There are numerous advantages to the present invention over the prior art. The prior art proposes the use of anatomical features for the registration of surface data acquired of internal organ surfaces. However, in the method of the present invention, the feature regions used are "pseudo-features" and do not fall within the definition of "salient anatomical features," which refer to formally defined anatomical landmarks. Additionally, the invention generates registrations for use in IGS technology for percutaneous procedures, while the prior art generates registrations on a specific organ of interest on which surgery will be performed. In other words, the abdominal surface registration generated by the invention can be used for percutaneous interventions on any abdominal organ (e.g., kidney, liver, etc.), while the prior art registration could be performed on the liver, for example, and the guidance information would not be accurate over the kidneys of the patient.
 While percutaneous applications are known in the prior art, the present invention is significantly different. The prior art percutaneous systems use point-based methods to perform the registration; in contrast, the present invention is a method for surface-based registration. The point-based registration is performed using skin affixed fiducial markers. Generally speaking, the registration protocol for the alternate embodiments involves the placement of skin affixed markers that can be tracked in the interventional suite. A full CT tomographic image set is then obtained in which the locations of the skin affixed markers can be identified and used for registration.
 The distinction between using skin affixed fiducial markers for registration and the surface based method of the invention has a number of direct implications. First, since it is not feasible to use skin affixed markers during the acquisition of the contrasted, pre-procedural diagnostic tomographic image sets, the use of the currently available systems requires a fiducial marker configuration to be affixed to the patient's abdomen immediately prior to the performance of the procedure. Once the fiducial marker setup has been attached to the patient, a full CT scan of the patient's abdomen is performed. While this full CT scan is routinely performed in CT-guided percutaneous procedures, it is not uncommon for this data set to be acquired without contrast agent, which can impair visualization of the lesion as well as vasculature. The present invention allows the initial registration for guidance to be performed without the use of the CT scan that is acquired immediately prior to the procedure since the fiducial markers are not required. This facilitates an even greater minimization of radiation dose than provided by the current systems.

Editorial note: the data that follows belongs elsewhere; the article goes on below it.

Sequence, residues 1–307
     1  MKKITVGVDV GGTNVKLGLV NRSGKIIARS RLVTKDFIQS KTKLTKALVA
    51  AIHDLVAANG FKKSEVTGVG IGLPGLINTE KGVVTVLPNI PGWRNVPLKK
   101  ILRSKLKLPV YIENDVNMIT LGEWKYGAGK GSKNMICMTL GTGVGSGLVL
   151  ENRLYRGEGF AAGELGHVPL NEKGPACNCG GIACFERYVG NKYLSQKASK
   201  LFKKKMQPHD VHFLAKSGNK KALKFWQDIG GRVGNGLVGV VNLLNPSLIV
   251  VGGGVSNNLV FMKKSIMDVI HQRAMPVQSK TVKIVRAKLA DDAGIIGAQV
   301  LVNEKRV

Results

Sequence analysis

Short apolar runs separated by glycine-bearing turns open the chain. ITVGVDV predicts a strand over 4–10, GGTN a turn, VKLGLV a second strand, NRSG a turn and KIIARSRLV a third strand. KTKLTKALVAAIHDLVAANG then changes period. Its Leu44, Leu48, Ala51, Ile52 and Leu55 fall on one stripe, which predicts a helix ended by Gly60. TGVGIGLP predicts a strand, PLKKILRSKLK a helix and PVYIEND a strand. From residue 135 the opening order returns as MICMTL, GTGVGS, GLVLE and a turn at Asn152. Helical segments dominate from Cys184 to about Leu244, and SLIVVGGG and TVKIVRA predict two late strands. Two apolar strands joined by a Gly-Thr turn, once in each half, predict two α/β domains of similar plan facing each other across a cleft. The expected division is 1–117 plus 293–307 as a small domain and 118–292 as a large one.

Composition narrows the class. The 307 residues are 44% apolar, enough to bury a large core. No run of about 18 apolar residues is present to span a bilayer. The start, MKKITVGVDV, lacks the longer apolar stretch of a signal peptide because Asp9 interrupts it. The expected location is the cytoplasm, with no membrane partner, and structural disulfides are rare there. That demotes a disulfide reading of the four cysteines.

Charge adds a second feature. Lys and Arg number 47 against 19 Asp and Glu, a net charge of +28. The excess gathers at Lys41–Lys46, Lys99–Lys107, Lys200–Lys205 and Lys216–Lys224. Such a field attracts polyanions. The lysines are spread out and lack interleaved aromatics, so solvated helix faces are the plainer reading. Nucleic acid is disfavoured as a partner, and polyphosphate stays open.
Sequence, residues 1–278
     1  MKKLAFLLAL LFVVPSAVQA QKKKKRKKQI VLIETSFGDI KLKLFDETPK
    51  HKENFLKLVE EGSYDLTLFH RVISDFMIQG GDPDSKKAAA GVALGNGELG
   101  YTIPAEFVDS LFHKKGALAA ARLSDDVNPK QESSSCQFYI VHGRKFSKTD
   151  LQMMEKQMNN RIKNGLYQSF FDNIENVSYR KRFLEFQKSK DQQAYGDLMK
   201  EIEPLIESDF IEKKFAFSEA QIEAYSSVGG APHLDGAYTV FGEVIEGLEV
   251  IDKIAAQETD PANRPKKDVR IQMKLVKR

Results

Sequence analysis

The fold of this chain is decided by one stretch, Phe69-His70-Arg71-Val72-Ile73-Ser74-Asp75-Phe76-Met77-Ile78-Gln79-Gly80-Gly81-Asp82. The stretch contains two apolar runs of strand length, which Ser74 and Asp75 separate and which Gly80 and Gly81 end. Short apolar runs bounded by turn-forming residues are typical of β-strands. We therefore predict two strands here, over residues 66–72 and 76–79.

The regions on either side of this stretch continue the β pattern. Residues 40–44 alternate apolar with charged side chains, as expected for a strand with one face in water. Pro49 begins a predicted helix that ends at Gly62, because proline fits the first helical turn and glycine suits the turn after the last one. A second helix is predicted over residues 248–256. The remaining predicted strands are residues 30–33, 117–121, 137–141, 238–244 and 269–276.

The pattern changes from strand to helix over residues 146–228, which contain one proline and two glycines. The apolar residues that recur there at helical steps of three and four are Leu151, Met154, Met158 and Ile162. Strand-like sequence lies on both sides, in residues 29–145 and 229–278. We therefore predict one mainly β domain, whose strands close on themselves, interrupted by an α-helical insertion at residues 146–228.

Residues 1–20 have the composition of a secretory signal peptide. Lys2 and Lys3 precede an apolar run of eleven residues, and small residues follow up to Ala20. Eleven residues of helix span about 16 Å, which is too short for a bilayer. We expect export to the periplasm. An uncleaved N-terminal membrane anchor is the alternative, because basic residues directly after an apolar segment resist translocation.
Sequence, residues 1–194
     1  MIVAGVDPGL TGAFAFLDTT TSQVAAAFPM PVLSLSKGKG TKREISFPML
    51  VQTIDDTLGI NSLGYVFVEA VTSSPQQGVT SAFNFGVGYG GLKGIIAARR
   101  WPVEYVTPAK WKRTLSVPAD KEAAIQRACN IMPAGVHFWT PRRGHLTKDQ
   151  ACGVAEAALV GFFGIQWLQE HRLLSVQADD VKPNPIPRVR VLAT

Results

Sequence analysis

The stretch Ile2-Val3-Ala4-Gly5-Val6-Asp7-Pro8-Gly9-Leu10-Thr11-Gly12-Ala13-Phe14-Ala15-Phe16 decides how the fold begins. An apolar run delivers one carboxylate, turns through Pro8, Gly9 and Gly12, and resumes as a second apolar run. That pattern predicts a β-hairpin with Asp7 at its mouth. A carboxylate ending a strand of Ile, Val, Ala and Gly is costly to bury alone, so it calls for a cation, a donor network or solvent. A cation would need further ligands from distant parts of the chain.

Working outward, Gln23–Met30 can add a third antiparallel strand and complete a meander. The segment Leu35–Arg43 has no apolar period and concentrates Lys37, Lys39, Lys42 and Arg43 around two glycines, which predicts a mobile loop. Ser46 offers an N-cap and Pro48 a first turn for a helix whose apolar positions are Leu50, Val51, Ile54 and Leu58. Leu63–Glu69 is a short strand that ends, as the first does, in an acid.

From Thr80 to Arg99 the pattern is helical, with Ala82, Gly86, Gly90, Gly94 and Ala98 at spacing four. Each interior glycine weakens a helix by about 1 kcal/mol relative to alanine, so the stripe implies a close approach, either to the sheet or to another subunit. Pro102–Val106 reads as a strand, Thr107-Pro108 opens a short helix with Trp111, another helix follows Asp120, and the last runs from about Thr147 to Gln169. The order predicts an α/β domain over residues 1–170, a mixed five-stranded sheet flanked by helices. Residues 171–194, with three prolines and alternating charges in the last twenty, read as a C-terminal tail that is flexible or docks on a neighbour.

Further, by using the contrasted, pre-procedural image data for interventional guidance, the present invention can utilize extensive 3-D visualizations of the vasculature, tumor(s), and organs for enhanced guidance information. Since the current technology cannot use the pre-procedural CT data for guidance (due to the fiducial marker constraints), sufficient time does not exist to generate the 3-D visualizations for use during the procedure.
 Additionally, by circumventing the need to acquire a set of CT images immediately prior to performing image-guidance, the present invention is much more efficient from the perspective of workflow for incorporation into fluoroscopy suites. Fluoroscopy allows the acquisition of 2-D projection images that are real-time and is frequently used for catheter placement procedures that would benefit greatly from 3-D image guidance. As discussed above, the requirement of skin-affixed fiducials in the alternate embodiments necessarily requires a CT scan to be acquired immediately before the use of the guidance system. This required scan imposes a less efficient workflow than would be necessary for a device using the invention.
 Finally, more extensive procedural planning can be incorporated with use of the present invention, given the ability to use the pre-procedural image data. Planning the needle entry point on the abdomen and required needle trajectories is of significant benefit in reducing procedure times and patient exposure to radiation.
 In order to demonstrate the application and validity of the methods of the present invention, a set of simulation registration trials were performed. Abdominal surface and organ models were generated from a sample set of CT images, shown in FIG. 5. The visualization of FIG. 5 includes models of the liver, hepatic and portal veins, pancreas, kidneys, and spleen, as well as the locations of the anatomical fiducials used to compute the target errors in the simulation experiments. The anatomical targets points used in the experiments are as follows: (1) right hepatic vein insertion, (2) portal vein bifurcation, (3) gallbladder fossa, (4) right renal vein insertion, (5) left renal vein insertion, (6) splenic vein insertion, and (7) superior mesenteric artery near the pancreas.
 Once the abdominal surface and organ surface models were generated, the pseudo-features were delineated on the abdominal surface. Simulated LRS-based and probe-based abdominal surface acquisitions were generated using a portion of the full abdominal surface generated from the CT image set and a set of perturbation trials were performed to ascertain the registration accuracies of the device using the two potential embodiments.